Japan just powered up the world’s most powerful laser, a monster that shines a 2-petawatt pulse of light. The pulse lasted only one picosecond, or a trillionth of a second, but during this brief time frame the laser definitely concentrated a phenomenal amount of power.
The laser was designed by Japanese researchers at Osaka University. It measures 300 feet long and is known as the LFEX, or Laser for Fast Ignition Experiments.
In the United States, the most powerful laser is a one-petawatt laser at the University of Texas at Austin. But the energy contained in a LFEX pulse is 100 times higher than that at Austin. Speaking of which, despite the enormous power, the laser eats up little juice. That’s because, as mentioned earlier, the laser was only fired for a fraction of a second. In fact, LFEX used as much energy as your microwave does over the course of two seconds.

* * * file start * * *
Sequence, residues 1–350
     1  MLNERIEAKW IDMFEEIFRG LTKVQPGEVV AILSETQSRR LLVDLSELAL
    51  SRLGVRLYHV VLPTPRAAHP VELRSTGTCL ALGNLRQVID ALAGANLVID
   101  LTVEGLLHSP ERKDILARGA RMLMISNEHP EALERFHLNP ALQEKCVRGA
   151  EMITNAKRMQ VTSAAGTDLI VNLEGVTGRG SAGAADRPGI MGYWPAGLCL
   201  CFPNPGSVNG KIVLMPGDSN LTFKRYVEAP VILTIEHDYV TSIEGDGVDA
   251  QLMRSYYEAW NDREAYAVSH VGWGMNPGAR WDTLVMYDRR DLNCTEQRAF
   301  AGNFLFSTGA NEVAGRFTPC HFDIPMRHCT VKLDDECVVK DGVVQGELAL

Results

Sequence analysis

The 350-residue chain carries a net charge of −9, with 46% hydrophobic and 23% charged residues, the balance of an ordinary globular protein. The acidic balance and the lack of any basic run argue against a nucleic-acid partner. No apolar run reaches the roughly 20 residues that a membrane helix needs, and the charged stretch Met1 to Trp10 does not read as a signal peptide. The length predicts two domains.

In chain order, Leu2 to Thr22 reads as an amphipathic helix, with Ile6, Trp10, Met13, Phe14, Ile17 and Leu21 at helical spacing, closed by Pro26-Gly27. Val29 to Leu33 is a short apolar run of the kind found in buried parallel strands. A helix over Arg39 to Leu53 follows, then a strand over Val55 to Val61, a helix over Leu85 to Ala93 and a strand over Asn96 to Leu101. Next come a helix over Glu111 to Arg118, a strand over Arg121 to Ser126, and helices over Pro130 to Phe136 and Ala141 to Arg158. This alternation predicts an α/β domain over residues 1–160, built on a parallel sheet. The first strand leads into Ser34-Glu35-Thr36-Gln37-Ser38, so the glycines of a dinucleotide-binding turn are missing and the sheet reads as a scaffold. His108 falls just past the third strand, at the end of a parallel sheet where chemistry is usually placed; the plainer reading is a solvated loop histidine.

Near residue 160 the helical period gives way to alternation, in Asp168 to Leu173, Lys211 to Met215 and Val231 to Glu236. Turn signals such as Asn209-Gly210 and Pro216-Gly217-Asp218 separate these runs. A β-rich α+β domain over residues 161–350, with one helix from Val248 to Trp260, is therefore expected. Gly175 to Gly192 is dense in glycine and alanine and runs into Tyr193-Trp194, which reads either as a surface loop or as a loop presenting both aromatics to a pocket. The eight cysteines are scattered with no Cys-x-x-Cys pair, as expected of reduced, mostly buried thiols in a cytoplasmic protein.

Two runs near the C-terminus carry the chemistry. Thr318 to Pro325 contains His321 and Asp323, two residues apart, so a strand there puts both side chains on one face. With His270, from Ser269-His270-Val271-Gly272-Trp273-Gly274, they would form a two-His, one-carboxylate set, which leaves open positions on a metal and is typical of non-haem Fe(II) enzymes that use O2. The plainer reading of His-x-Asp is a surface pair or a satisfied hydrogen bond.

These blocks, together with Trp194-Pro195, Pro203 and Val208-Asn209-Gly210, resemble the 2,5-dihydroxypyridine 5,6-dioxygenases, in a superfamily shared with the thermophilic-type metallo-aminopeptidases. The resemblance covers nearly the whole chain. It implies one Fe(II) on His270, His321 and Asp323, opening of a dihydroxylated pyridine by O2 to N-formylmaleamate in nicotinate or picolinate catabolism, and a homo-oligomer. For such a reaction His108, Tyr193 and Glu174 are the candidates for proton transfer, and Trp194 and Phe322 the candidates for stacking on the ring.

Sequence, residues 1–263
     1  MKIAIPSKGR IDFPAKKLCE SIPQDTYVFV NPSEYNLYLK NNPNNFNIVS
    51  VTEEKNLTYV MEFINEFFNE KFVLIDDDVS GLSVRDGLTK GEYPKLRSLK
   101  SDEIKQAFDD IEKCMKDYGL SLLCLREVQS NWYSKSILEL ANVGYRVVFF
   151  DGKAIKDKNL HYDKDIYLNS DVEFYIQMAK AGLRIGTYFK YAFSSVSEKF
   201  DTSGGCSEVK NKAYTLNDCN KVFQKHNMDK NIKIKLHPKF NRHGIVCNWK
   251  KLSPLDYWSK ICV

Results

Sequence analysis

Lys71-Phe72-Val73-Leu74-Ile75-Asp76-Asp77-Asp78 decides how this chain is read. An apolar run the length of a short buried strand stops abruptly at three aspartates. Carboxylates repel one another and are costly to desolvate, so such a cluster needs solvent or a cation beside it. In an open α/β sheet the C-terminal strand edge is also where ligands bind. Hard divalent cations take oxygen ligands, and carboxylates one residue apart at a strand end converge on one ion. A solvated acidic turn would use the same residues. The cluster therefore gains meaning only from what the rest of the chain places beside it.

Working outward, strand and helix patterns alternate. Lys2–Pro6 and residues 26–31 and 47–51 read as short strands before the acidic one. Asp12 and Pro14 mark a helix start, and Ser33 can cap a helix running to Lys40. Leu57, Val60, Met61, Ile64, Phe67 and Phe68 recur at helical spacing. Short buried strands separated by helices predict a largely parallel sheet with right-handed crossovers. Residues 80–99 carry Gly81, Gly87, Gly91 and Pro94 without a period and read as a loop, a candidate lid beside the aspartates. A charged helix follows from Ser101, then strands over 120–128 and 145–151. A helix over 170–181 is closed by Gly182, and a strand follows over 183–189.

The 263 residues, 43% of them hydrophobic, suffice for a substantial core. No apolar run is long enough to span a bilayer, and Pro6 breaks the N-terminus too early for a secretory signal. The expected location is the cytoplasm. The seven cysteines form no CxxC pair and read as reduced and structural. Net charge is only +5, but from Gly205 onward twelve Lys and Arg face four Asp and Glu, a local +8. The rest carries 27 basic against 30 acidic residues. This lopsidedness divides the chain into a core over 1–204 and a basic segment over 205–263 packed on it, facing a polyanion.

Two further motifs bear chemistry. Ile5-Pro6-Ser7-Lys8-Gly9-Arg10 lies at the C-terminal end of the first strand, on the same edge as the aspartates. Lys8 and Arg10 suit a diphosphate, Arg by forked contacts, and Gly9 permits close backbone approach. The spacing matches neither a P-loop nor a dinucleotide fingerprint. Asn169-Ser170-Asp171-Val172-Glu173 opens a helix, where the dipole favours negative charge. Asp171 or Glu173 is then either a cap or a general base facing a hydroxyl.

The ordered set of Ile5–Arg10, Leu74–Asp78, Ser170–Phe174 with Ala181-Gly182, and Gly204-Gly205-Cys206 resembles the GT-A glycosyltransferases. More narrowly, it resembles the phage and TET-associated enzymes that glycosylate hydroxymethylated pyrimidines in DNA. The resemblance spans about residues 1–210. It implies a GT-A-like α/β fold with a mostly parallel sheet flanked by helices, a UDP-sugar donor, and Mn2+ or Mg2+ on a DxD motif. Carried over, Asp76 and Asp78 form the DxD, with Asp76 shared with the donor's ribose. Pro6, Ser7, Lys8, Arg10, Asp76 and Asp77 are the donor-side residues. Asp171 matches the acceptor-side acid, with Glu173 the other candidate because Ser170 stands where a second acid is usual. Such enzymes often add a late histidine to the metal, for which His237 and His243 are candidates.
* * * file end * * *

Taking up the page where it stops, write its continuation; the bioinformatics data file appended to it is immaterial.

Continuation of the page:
To generate that much power that fast, the LFEX makes us of a series of glass lamps that amplifies the incoming pulse with each pass.
Previously, ZME Science reported about a laser weapon that could blast a car a mile away. The beam was so intense that the car’s metal was vaporized. Consider now the weapon in question was only a 30 KW laser, albeit it fired for a lot longer than a trillionth of a second. Nevertheless, this two petawatt laser could rival the freaking Death Star itself. What’s more, the Japanese aren’t intending to stop here. “With heated competition in the world to improve the performance of lasers, our goal now is to increase our output to 10 petawatts,” Junji Kawanaka, an associate professor of electrical engineering at Osaka University, said in a statement.
Well, damn! At least, the laser is being used for scientific purposes. For everyone’s sake.
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